In JoVE (1)
Articles by Manuel Fankhauser in JoVE
Long-term Intravital Immunofluorescence Imaging of Tissue Matrix Components with Epifluorescence and Two-photon Microscopy Esra Güç*1, Manuel Fankhauser*1, Amanda W. Lund1,2, Melody A. Swartz1, Witold W. Kilarski1 1Institute of Bioengineering and Swiss Institute of Experimental Cancer Research (ISREC), École Polytechnique Fédérale de Lausanne, 2Department of Cell and Developmental Biology and Knight Cancer Institute, Oregon Health & Science University The extracellular matrix undergoes substantial remodeling during wound healing, inflammation and tumorigenesis. We present a novel intravital immunofluorescence microscopy approach to visualize the dynamics of fibrillar as well as mesh-like matrix components with high spatial and temporal resolution using epifluorescence or two-photon microscopy.
Other articles by Manuel Fankhauser on PubMed
TIL Therapy Broadens the Tumor-reactive CD8(+) T Cell Compartment in Melanoma Patients Oncoimmunology. Jul, 2012 | Pubmed ID: 22754759 There is strong evidence that both adoptive T cell transfer and T cell checkpoint blockade can lead to regression of human melanoma. However, little data are available on the effect of these cancer therapies on the tumor-reactive T cell compartment. To address this issue we have profiled therapy-induced T cell reactivity against a panel of 145 melanoma-associated CD8(+) T cell epitopes. Using this approach, we demonstrate that individual tumor-infiltrating lymphocyte cell products from melanoma patients contain unique patterns of reactivity against shared melanoma-associated antigens, and that the combined magnitude of these responses is surprisingly low. Importantly, TIL therapy increases the breadth of the tumor-reactive T cell compartment in vivo, and T cell reactivity observed post-therapy can almost in full be explained by the reactivity observed within the matched cell product. These results establish the value of high-throughput monitoring for the analysis of immuno-active therapeutics and suggest that the clinical efficacy of TIL therapy can be enhanced by the preparation of more defined tumor-reactive T cell products.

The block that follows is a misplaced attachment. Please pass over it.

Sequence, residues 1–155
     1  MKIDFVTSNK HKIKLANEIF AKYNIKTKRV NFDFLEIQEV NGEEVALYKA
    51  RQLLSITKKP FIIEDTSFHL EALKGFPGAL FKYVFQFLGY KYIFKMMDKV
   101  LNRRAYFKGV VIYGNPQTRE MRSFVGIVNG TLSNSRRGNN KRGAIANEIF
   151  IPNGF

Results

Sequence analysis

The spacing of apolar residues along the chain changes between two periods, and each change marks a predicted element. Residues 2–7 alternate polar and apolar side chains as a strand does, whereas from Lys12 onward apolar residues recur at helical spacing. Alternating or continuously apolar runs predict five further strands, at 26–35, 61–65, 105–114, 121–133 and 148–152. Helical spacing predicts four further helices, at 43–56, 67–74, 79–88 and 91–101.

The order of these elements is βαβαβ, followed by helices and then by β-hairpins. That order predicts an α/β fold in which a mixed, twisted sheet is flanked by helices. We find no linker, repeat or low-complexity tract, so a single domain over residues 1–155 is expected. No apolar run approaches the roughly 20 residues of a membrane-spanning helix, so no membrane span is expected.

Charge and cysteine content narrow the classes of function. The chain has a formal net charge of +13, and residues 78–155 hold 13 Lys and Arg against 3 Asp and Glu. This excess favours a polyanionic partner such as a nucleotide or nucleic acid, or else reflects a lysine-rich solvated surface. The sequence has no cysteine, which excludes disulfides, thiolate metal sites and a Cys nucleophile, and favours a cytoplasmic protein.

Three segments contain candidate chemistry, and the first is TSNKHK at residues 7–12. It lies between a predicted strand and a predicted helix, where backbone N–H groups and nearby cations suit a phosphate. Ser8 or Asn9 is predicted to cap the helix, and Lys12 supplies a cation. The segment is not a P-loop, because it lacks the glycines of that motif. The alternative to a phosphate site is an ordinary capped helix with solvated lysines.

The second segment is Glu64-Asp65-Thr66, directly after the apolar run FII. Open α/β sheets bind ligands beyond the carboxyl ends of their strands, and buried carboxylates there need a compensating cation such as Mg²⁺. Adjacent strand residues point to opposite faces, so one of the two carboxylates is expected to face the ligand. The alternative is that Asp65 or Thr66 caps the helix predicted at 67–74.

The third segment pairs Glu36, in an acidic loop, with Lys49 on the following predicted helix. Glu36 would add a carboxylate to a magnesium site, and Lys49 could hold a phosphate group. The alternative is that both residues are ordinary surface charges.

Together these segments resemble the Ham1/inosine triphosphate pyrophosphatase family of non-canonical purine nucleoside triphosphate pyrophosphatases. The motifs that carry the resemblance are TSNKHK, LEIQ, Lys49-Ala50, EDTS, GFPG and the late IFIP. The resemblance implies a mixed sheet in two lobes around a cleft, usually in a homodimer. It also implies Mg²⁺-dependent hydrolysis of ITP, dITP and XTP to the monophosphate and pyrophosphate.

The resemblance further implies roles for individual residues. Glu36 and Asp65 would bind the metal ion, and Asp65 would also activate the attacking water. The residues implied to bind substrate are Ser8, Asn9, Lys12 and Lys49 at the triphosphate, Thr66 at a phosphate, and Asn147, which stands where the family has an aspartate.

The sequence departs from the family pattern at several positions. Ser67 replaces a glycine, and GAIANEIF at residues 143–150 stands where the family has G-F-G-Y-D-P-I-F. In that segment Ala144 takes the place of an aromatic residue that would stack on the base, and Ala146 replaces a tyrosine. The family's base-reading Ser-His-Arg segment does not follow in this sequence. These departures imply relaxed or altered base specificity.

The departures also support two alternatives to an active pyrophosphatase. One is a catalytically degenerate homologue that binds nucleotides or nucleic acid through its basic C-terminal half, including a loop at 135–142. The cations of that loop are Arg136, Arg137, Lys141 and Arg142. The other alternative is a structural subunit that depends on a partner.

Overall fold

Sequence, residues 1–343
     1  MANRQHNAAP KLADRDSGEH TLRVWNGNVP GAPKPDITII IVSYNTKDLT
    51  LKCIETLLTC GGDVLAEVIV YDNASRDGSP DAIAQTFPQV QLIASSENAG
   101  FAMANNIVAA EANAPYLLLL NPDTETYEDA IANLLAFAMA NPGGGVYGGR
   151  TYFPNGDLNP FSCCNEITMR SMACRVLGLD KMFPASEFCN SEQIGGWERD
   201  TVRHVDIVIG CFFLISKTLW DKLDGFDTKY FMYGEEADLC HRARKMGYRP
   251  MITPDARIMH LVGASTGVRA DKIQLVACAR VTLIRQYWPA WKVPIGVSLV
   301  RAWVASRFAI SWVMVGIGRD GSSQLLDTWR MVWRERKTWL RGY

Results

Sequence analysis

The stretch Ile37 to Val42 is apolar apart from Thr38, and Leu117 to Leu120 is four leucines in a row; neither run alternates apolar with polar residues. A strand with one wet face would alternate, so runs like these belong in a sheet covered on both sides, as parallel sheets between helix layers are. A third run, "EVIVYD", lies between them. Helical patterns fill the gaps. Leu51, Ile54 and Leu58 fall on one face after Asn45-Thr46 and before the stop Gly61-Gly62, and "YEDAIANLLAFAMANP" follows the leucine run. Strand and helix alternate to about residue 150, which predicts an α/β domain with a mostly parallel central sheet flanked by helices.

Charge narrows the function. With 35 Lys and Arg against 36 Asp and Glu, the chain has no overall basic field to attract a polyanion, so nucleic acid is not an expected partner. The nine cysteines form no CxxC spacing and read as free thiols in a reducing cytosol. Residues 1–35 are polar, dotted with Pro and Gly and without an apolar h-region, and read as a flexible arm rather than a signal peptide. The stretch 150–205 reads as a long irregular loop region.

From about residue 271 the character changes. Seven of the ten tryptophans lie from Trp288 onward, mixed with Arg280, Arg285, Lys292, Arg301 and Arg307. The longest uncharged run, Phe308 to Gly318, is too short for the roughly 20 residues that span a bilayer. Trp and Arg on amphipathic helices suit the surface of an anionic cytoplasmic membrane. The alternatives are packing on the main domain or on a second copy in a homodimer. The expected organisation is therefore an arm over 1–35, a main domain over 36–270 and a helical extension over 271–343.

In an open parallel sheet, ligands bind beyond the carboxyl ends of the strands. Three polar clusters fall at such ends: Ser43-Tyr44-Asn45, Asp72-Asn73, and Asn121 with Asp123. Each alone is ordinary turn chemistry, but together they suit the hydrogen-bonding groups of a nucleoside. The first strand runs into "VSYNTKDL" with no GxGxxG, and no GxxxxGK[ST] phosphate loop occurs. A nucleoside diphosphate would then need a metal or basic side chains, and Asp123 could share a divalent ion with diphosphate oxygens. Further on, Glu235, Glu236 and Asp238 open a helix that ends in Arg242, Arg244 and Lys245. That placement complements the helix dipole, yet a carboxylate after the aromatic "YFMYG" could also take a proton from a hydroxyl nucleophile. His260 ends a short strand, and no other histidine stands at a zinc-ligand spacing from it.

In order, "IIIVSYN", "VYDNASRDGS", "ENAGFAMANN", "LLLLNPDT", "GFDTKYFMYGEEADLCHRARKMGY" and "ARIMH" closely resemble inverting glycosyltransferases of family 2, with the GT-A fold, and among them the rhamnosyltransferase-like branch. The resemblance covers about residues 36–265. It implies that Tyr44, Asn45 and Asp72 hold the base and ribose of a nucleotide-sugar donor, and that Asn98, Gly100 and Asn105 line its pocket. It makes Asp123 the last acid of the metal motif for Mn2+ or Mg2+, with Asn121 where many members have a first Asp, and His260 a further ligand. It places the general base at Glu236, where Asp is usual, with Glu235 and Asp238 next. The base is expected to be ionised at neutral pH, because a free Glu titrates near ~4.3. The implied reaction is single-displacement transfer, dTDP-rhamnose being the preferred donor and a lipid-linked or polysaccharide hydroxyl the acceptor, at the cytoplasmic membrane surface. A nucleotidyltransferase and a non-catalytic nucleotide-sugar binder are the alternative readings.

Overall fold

A Catalytically Inactive Mutant of the Deubiquitylase YOD-1 Enhances Antigen Cross-presentation Blood. Feb, 2013 | Pubmed ID: 23243279 Antigen presenting cells (APCs) that express a catalytically inactive version of the deubiquitylase YOD1 (YOD1-C160S) present exogenous antigens more efficiently to CD8(+) T cells, both in vitro and in vivo. Compared with controls, immunization of YOD1-C160S mice led to greater expansion of specific CD8(+) T cells and showed improved control of infection with a recombinant -herpes virus, MHV-68, engineered to express SIINFEKL peptide, the ligand for the ovalbumin-specific TCR transgenic OT-I cells. Enhanced expansion of specific CD8(+) T cells was likewise observed on infection of YOD1-C160S mice with a recombinant influenza A virus expressing SIINFEKL. YOD1-C160S APCs retained antigen longer than did control APCs. Enhanced crosspresentation by YOD1-C160S APCs was transporter associated with antigen processing (TAP1)-independent but sensitive to inclusion of inhibitors of acidification and of the proteasome. The activity of deubiquitylating enzymes may thus help control antigenspecific CD8(+) T-cell responses during immunization.